While not acknowledged or acclaimed by most social media marketing “experts,” StumbleUpon is a fine tool that can bring lots of traffic — both the targeted and untargeted kind — to your website. But with all other social networks, there are rules of engagement that are determined by the community.
Brief Overview of StumbleUpon
Since everyone is mostly raving about Twitter and Facebook as of late, I’m going to briefly define StumbleUpon and explain how it works. More information and tips for usage can be read in The New Community Rules: Marketing on the Social Web. This description of StumbleUpon has been taken from the book:
StumbleUpon [is] a social content discovery engine with bookmarking features. StumbleUpon is different from many other social sites in that it works via a toolbar installation on your browser. Once it gathers personalized information from you (hobbies and interests), you can start surfing with StumbleUpon to find brand new sites that are related to your interests as suggested by other users on the service. The more active you are on StumbleUpon, the more opportunity there is for you to grow your network and expose your own content to more and more StumbleUpon users.
Great, now we have that out of the way. This post is going to touch upon other parts of StumbleUpon, especially user behaviors that I’ve observed recently.
I’ve personally found StumbleUpon to be a great tool to find good and exciting content, and I’ve even made some friends through the “toolbar.” Relationship opportunities on StumbleUpon are endless, especially since it’s a social bookmarking service based on interests.
StumbleUpon Etiquette Guidelines
One of the most powerful elements to StumbleUpon is the ability to share stories with your friends as long as they are subscribed to your favorites. Truth be told, most people accept every incoming friend request they receive. The motivation behind this is the desire to broaden one’s reach, even if the subscriber is sending them completely off-topic content. As someone who always has incoming stumbles awaiting my perusal, though, I think there are some rules of thumb (no pun intended) that should be followed at all times.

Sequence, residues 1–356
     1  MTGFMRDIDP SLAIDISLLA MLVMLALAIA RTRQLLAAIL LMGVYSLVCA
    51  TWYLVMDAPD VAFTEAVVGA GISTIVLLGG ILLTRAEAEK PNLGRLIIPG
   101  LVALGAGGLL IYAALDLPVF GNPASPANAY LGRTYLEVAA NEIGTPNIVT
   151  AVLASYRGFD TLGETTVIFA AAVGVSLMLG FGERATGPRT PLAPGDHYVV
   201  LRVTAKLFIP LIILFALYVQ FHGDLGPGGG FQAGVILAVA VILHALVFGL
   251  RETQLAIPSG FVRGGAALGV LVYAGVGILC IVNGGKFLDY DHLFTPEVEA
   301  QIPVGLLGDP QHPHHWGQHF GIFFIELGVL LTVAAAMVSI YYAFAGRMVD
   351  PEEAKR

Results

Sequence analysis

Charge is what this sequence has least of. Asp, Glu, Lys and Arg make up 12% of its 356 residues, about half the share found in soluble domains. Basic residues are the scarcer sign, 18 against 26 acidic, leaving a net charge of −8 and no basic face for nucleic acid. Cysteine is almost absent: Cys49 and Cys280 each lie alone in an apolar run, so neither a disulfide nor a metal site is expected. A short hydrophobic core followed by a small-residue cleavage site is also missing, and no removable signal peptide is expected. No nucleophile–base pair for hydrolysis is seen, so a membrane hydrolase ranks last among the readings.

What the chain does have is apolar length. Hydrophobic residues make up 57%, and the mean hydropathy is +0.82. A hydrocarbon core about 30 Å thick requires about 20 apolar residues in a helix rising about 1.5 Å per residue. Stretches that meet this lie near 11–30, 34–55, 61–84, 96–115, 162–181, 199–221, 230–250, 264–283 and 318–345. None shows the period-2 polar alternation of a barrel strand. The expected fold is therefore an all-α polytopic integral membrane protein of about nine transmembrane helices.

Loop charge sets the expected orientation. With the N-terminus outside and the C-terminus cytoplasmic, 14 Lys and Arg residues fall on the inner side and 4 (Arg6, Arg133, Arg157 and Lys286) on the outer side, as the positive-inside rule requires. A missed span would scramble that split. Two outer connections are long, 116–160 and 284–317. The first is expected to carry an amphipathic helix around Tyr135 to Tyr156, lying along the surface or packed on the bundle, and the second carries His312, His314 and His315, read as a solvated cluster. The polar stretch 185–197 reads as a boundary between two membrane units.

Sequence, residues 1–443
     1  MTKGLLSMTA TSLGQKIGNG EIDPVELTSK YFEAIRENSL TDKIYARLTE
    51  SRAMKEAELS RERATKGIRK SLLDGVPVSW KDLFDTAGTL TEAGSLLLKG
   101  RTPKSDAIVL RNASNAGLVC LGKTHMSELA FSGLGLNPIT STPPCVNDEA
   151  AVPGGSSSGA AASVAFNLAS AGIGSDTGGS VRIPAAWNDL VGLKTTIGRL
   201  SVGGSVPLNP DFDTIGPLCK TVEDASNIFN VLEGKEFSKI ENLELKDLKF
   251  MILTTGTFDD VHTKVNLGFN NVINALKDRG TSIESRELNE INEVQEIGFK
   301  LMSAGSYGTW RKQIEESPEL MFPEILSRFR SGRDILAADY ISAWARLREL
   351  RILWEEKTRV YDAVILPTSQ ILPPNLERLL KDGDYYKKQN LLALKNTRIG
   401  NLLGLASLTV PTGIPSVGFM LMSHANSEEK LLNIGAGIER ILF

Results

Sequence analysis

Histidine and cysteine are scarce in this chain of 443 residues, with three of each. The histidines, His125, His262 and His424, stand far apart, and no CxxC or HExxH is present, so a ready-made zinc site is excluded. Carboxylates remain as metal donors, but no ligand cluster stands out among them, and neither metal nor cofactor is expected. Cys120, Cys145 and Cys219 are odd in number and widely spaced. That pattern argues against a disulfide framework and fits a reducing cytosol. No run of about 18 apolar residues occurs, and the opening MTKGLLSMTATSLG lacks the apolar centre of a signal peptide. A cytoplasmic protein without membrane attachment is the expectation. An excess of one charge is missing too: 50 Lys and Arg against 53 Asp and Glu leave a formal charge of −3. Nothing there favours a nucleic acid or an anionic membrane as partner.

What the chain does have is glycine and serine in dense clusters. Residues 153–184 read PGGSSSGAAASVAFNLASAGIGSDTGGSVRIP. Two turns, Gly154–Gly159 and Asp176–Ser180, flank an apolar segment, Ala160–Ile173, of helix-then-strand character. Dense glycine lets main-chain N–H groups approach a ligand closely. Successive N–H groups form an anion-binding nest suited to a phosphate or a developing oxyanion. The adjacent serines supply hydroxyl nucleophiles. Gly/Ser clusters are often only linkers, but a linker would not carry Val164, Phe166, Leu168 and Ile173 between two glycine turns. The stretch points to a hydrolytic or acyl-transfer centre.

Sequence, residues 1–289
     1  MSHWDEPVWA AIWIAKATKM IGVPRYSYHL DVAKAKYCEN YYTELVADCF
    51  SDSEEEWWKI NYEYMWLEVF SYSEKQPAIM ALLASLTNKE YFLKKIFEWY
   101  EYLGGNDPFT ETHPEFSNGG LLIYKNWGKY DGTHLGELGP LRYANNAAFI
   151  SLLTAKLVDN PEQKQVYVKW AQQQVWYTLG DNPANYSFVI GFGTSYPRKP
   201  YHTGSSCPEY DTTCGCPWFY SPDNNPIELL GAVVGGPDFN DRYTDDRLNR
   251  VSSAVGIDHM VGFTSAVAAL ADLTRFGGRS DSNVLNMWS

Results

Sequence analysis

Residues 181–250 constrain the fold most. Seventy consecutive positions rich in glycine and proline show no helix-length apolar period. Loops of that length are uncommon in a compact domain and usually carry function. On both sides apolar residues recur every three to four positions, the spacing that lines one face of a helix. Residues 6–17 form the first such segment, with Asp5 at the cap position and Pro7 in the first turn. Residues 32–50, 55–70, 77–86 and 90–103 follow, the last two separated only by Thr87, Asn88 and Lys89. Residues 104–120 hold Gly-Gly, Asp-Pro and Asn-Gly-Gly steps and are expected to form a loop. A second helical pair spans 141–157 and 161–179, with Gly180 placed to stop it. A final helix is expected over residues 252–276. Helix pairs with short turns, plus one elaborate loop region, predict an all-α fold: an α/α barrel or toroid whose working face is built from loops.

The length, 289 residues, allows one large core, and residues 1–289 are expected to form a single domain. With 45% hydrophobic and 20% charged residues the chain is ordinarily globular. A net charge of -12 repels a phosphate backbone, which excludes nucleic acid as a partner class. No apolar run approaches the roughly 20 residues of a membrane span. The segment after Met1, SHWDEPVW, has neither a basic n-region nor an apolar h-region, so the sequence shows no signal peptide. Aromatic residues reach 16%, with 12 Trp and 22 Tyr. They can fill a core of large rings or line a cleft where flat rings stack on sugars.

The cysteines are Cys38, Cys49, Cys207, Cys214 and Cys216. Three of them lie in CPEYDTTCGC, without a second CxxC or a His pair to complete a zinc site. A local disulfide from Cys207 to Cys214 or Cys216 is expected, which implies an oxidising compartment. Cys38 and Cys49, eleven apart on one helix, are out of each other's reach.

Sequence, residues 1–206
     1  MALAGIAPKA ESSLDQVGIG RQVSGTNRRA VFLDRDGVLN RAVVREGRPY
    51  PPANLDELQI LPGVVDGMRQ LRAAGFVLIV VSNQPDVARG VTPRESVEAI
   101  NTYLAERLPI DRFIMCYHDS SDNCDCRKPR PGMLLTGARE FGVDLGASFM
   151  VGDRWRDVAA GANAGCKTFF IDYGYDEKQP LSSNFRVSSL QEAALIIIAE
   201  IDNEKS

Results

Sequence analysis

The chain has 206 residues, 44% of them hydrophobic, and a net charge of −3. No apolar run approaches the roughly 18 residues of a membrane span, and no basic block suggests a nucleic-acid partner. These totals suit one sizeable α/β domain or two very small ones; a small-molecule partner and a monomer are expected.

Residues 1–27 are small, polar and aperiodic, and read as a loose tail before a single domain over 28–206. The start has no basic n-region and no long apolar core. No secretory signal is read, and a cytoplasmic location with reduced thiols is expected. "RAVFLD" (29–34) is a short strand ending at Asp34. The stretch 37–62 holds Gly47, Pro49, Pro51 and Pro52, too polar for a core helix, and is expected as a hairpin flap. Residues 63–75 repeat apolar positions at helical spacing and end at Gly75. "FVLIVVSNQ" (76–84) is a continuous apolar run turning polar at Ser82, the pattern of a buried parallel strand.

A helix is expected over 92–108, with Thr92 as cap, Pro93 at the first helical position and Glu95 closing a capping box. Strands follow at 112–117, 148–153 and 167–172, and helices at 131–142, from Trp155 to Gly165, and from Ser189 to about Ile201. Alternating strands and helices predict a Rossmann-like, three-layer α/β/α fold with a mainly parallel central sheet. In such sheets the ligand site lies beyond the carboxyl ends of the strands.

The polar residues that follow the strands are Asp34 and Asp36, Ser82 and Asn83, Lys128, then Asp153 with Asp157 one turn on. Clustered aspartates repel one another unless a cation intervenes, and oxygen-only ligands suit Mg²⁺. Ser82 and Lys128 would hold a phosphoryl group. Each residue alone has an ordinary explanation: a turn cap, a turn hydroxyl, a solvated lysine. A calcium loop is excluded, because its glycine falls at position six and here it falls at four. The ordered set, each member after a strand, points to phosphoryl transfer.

- Avoid pushing all your stories: What would you do if you never really subscribed to the New York Times because you just weren’t that interested but you received an endless stream of New York Times stories in your email inbox all day long? You’d probably get sick of it, right? Exactly. Therefore, while I appreciate that you have a great design site that you update 5-6 times a day, please don’t send me every single uploaded photo. And you there with the SEO/tech blog, that goes for you too. It’s just overwhelming and selfish. Instead, find the cream of the crop of your content, your best works. Give people the opportunity to navigate through your site to find better content. If you send them 5 stories everyday, they’ll never have time to actually go through your site to find gems because their StumbleUpon activity is limited to clearing out their toolbar of pending Stumbles.
- Diversify the sources you send from: To follow the previous bullet point, spice it up a bit. I don’t want to get news.yahoo.com stories 5 times a day from the same Stumbler. It shows that you have a vested financial interest in Yahoo News. (This is not a real example, readers.) There are some Stumblers who do this very well. Others just don’t get it. If you can’t diversify the sources you send from, at least do us a favor and don’t do it so frequently. Once a week is good, but don’t do it any more than that.
- Use the toolbar, check your inbox, and give back to the community: StumbleUpon’s success, at least for sending out and receiving stories, thrives on its toolbar. I see right now that I have 13 pages waiting for me. If this number exceeds 99, you could be in for trouble and get caught with hundreds of
crappages to wade through. Don’t let it exceed that number. As much as I hate some of the stories being sent to me, I know I have to get through the queued items in my toolbar to avoid an INBOX_FULL message. The INBOX_FULL message typically appears when a Stumbler sends another user stumbles, but users cannot respond to the original Stumblers because their toolbar is full with hundreds of sites being queued. Personally, I think this does a disservice to the StumbleUpon community and StumbleUpon should absolutely disallow this behavior. Until then, there will be users who take but can’t give back to the community. If you want to build a genuine relationship that benefits you in the long haul, accept other stumbles. Don’t expect me (and others) to want to help you if you have no time to help us.